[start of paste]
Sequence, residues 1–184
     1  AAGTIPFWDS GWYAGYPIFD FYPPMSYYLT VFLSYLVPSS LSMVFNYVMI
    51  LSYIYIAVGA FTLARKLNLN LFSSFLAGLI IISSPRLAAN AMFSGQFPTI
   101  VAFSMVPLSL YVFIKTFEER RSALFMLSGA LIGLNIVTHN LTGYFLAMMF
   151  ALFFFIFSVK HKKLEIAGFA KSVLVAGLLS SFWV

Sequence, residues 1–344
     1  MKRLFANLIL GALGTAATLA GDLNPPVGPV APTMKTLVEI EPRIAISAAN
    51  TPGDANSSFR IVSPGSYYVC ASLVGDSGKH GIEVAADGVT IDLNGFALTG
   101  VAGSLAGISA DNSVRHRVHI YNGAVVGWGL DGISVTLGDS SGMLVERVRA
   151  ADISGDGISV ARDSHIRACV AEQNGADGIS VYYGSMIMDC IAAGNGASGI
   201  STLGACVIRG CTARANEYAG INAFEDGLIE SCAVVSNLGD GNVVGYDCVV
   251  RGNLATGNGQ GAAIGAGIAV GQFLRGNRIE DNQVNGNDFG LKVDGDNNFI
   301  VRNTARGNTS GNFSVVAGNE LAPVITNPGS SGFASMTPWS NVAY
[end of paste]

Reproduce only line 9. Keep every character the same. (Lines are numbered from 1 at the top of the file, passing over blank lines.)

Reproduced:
   101  VAGSLAGISA DNSVRHRVHI YNGAVVGWGL DGISVTLGDS SGMLVERVRA